CHICAGO, Sept. 12 (UPI) -- Chicago Mayor Rahm Emanuel says he is sorry for the police department's use of torture to obtain confessions some 20 years ago.
Emanuel made the unexpected apology Wednesday after a City Council meeting at which aldermen approved a $12.3 million fund to settle lawsuits by two African-American men who were convicted after being tortured into a confession by detectives, the Chicago Tribune reported.
The detectives had been working for former ex-Cmdr. Jon Burge, who was dismissed from the force 20 years ago and was sentenced to 4 1/2 years in federal prison in 2010 for lying under oath about his knowledge of alleged torture in the department, the Chicago Sun-Times reported.
Dozens of men, mostly African-African, may have been tortured into false confessions while Burge was heading the department, the Tribune said.
Emanuel called the Burge era a "dark chapter" in Chicago's history.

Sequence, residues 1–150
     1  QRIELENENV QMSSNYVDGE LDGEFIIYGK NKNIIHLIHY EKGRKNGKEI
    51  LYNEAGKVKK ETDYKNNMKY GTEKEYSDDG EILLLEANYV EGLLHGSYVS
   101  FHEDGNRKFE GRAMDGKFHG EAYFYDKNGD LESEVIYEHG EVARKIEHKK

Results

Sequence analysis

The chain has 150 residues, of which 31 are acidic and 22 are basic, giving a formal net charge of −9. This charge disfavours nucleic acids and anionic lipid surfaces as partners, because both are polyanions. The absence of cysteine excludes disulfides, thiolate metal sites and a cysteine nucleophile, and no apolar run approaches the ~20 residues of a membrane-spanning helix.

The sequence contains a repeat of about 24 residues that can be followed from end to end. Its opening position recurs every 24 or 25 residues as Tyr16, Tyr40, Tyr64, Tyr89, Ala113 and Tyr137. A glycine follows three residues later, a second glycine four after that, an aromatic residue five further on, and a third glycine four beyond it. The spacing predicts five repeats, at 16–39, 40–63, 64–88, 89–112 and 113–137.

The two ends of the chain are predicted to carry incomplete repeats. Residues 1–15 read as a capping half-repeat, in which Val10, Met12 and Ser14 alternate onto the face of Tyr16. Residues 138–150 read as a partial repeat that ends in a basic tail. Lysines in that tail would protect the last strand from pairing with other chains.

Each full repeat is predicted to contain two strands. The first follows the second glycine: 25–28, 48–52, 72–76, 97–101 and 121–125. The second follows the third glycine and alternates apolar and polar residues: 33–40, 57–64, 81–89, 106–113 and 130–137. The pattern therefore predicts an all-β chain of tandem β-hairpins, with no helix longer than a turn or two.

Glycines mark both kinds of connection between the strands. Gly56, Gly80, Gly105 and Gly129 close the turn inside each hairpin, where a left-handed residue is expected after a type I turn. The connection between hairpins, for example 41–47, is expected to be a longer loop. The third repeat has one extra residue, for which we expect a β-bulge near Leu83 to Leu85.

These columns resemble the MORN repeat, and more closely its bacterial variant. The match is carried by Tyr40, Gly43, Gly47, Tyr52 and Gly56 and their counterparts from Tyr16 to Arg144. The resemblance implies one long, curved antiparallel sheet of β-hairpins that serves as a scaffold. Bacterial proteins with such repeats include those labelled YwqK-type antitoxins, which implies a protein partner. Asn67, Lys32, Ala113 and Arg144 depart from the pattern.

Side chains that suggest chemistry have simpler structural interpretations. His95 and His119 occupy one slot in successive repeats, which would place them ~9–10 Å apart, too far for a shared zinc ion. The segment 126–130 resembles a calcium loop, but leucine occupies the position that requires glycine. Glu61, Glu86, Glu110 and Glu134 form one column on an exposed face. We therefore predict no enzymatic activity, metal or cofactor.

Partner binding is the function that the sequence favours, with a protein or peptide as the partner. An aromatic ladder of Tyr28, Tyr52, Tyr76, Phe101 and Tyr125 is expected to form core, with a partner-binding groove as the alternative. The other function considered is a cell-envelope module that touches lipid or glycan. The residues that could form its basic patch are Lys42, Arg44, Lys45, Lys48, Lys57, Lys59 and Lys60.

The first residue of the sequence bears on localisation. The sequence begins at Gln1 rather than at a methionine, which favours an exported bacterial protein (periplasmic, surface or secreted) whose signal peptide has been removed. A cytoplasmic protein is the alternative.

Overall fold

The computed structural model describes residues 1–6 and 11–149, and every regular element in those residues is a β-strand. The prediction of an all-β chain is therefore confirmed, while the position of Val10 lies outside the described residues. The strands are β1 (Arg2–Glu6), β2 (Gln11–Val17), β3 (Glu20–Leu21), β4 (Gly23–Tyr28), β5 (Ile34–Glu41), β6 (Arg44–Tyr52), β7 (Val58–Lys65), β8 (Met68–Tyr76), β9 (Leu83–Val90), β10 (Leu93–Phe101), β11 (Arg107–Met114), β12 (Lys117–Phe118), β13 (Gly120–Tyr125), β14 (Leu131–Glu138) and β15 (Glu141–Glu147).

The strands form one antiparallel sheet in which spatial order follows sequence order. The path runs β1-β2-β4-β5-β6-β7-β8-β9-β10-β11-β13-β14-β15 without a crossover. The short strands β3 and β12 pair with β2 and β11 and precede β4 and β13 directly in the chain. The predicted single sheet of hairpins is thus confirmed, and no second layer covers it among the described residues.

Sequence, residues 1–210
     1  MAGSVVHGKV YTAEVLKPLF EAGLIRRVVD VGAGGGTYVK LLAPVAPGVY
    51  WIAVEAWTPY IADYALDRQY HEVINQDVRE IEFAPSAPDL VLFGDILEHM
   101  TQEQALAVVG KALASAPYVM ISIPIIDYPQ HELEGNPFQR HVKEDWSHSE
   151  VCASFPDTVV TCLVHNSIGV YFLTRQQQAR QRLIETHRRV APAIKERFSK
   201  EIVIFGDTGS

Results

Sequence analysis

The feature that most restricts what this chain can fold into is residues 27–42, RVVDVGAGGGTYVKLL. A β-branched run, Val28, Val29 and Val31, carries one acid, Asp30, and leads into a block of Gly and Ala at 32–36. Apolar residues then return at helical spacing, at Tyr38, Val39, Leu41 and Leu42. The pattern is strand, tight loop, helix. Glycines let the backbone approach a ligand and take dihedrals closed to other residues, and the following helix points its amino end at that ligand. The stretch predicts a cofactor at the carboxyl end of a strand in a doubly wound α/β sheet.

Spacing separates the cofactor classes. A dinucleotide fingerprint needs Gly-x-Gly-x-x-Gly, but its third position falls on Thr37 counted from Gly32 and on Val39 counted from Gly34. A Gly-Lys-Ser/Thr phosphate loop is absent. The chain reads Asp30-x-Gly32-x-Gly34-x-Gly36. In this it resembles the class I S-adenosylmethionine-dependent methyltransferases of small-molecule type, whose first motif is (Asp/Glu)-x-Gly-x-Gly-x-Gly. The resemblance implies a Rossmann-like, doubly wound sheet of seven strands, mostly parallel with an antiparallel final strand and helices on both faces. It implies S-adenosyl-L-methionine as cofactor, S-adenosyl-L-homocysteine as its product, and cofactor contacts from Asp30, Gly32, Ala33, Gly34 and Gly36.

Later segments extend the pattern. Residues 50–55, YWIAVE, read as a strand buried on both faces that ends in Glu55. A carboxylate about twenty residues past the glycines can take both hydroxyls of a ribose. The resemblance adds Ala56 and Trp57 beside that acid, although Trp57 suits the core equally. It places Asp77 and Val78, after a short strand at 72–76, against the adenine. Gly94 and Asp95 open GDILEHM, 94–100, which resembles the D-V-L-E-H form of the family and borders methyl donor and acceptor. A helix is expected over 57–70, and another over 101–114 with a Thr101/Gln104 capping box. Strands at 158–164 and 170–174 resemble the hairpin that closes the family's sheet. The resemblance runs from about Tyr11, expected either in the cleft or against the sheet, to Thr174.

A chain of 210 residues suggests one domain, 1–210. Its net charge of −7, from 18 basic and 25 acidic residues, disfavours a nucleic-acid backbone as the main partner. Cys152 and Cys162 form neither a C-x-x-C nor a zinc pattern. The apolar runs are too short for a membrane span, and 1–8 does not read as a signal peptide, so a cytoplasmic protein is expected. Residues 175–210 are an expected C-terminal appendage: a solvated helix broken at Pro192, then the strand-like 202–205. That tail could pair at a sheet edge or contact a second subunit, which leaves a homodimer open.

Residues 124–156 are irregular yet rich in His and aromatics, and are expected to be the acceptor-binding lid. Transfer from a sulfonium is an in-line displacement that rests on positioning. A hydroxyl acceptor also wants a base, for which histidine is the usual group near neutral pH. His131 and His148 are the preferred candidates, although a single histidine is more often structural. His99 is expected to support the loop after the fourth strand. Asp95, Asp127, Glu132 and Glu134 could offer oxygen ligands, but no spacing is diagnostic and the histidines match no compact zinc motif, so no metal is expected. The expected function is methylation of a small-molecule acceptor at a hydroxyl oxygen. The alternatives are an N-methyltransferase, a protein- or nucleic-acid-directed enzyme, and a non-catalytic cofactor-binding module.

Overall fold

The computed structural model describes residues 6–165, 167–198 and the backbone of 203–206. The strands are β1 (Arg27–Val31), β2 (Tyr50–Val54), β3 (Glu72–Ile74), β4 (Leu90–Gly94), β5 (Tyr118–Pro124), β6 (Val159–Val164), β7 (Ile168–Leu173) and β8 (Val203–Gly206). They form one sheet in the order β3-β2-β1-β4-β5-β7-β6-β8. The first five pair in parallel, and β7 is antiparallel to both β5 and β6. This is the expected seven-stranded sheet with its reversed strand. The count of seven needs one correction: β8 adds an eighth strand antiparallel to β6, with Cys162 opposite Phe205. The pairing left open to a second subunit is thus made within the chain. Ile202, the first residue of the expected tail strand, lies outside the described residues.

"So yes, there has been a settlement, and I do believe this is a way of saying all of us are sorry about what happened here in the city, and closing that period of time, that stain on the city's reputation, its history and now being able to embark on a new part of the city and a new way of actually doing business," he said after the City Council meeting.
"Here's what I mean: I am sorry this happened. Let us all now move on."
Chicago has spent nearly $85 million and Cook County has spent nearly $11 million on settlements and legal fees related to torture cases, the Tribune said.